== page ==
Abstract: Transboundary pollution issues present significant challenges to local governments. Many places around the world have addressed these issues by initiating a regional approach for environmental management. While such strategies are often asserted to positively influence localities' environmental governance capacity, empirical evidence for these claims is thin. This study explores the association between regional integration plans and the involved localities' environmental management capacity using the valuable but understudied case of China's national-level city clusters. It constructs novel measures to assess 137 Chinese cities' actual performance in air pollution mitigation and applies structural equation modeling tools to analyze whether cities' capacity in environmental enforcement and compliance is different inside and outside of the major urban agglomerations. Results show that enforcement activities are done differently in these two studied groups, and differences in cities' enforcement-compliance capacity better explain the differences in the un-clustered cities' average air quality. Moreover, this study shows that the two studied groups face different capacity-building opportunities in environmental enforcement and compliance. These opportunities mainly exist in areas such as environmental impact assessment of new construction projects, supervisory monitoring of nationally monitored polluters, and spot-check on daily polluters. Our study is the first to empirically evaluate Chinese cities' capacity in environmental enforcement and compliance with reference to both the procedural outcomes and the environmental outcomes. Our results have important managerial implications for local environmental protection bureaus, major industrial polluters, and policy makers who are involved in the design and implementation of China's urban agglomeration development plans.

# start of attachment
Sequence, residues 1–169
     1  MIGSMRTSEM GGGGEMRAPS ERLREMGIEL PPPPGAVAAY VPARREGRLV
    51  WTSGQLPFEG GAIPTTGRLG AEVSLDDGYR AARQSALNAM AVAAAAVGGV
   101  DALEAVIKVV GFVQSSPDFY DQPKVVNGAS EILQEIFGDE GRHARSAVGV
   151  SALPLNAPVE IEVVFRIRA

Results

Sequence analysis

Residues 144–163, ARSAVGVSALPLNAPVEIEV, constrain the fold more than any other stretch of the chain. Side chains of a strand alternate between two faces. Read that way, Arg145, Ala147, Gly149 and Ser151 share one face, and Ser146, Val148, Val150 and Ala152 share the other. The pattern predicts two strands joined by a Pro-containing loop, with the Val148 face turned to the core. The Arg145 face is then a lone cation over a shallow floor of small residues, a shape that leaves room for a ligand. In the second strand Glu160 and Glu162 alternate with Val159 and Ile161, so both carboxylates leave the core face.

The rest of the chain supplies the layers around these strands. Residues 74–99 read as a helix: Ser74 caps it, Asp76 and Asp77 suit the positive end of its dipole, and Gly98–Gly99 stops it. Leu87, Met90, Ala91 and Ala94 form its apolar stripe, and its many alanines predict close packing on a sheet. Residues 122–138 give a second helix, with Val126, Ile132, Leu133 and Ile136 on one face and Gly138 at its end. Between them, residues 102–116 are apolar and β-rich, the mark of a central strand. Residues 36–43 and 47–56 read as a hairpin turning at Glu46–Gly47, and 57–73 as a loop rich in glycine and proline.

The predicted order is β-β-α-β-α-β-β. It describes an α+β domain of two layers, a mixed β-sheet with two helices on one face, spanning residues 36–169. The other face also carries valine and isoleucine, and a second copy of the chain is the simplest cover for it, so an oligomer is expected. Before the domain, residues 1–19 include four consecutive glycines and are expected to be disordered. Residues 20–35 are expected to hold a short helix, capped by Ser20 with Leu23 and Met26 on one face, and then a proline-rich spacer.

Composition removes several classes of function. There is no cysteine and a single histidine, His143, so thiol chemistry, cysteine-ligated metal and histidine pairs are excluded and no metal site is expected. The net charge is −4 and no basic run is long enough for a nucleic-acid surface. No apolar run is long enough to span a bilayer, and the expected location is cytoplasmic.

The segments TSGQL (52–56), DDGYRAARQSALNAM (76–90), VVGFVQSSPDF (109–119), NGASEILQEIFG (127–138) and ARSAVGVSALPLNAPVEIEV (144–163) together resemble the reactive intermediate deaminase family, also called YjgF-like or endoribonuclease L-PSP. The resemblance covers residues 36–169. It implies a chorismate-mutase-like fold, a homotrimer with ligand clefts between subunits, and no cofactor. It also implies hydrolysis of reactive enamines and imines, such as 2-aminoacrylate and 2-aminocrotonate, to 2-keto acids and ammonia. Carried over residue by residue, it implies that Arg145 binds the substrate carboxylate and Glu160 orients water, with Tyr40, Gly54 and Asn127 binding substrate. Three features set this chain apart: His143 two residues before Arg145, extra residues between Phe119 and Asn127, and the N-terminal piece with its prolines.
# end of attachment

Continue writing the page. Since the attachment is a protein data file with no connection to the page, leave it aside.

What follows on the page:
School Authors: Yueming 'Lucy' Qiu